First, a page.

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Publication - Professor Tim Peters

    Association of proximal elements of social disadvantage with children's language development at 2 years

    an analysis of data from the Children in Focus (CiF) sample from the ALSPAC birth cohort

    Citation

    Law, J, Clegg, J, Rush, R, Roulstone, S & Peters, TJ, 2019, ‘Association of proximal elements of social disadvantage with children's language development at 2 years: an analysis of data from the Children in Focus (CiF) sample from the ALSPAC birth cohort’. International Journal of Language and Communication Disorders, vol 54., pp. 362-376

    Abstract

    Background
    An association between social disadvantage and early language development is commonly reported in the literature, but less attention has been paid to the way that different aspects of social disadvantage affect both expressive and receptive language in the first two years of life.

    Aim
    This study examines the contributions of gender, parental report of early language skills, and proximal social variables (the amount of stimulation in the home, resources available to the child and the attitudes/emotional status of the primary carer and the support available to him/her) controlling for distal social variables (family income and maternal education) to children’s expressive and receptive language development at two years in a community ascertained population cohort.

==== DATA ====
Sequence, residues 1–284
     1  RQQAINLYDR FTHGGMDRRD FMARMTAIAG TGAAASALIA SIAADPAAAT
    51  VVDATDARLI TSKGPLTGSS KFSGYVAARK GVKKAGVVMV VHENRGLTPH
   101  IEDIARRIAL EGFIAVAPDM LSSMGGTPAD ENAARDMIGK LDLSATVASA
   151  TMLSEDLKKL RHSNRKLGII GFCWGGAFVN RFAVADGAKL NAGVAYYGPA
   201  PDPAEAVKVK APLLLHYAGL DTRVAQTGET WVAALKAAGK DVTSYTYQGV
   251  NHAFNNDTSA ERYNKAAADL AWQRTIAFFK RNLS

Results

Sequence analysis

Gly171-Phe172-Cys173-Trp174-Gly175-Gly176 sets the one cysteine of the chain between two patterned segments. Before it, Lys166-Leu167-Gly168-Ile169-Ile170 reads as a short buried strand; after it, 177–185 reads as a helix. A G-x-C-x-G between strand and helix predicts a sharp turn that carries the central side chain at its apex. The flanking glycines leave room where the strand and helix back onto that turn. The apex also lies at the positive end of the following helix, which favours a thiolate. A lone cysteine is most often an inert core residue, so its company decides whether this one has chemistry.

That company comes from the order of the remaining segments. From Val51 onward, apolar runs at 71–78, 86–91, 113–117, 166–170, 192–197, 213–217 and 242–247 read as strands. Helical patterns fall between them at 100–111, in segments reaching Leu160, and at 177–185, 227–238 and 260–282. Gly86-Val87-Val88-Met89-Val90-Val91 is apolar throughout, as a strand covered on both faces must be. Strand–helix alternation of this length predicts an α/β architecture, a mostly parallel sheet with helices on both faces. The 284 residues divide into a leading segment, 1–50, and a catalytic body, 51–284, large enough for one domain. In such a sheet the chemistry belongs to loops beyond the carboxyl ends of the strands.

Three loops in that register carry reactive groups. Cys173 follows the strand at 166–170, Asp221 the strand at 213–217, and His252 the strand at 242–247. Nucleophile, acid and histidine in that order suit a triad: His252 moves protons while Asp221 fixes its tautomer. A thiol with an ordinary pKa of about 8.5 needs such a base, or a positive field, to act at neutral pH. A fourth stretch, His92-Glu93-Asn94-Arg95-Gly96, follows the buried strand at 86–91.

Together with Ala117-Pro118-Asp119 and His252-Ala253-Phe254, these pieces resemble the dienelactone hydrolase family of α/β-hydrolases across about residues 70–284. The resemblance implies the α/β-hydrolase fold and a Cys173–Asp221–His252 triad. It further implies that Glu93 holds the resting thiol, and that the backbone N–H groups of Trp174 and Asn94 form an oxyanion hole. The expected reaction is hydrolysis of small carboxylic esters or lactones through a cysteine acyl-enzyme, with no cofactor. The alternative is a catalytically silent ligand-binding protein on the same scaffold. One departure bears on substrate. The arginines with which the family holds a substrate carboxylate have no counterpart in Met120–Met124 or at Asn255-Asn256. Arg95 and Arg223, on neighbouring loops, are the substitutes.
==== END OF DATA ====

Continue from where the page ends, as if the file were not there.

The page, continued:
Methods and Procedures
    Data from 1,314 children in the Children in Focus (CiF) sample from the Avon Longitudinal Study of Parents and Children (ALSPAC) were analysed. Multivariable regression models identified the contribution of proximal (what parents do with their children) measures of social disadvantage adjusting for more distal (e.g., family income and material wealth) measures as well as early language development at 15 months to the development of verbal comprehension, expressive vocabulary and expressive grammar (word combinations) at 2 years of age.

    Outcome and Results
    In the final multivariable models gender, earlier language and proximal social factors, covarying for distal factors predicted 36% of the variance for expressive vocabulary, 22% for receptive language and 27% for word combinations at two years. Language development at 15 months remained a significant predictor of outcomes at 24 months. Environmental factors were associated with both expressive scales but the picture was rather more mixed for receptive language suggesting that there may be different mechanisms underlying the different processes.

    Conclusions and Implications
    This study supports the argument that social advantage makes a strong contribution to children’s language development in the early years. The results suggest that what parents/carers do with their children is critical even when structural aspects of social disadvantage such as family income and housing have been taken into consideration although this relationship varies for different aspects of language. This has the potential to inform the targeting of public health interventions focusing on early language and preliteracy skills on the one hand and home learning environments on the other and, potentially, the two in combination.

    Full details in the University publications repository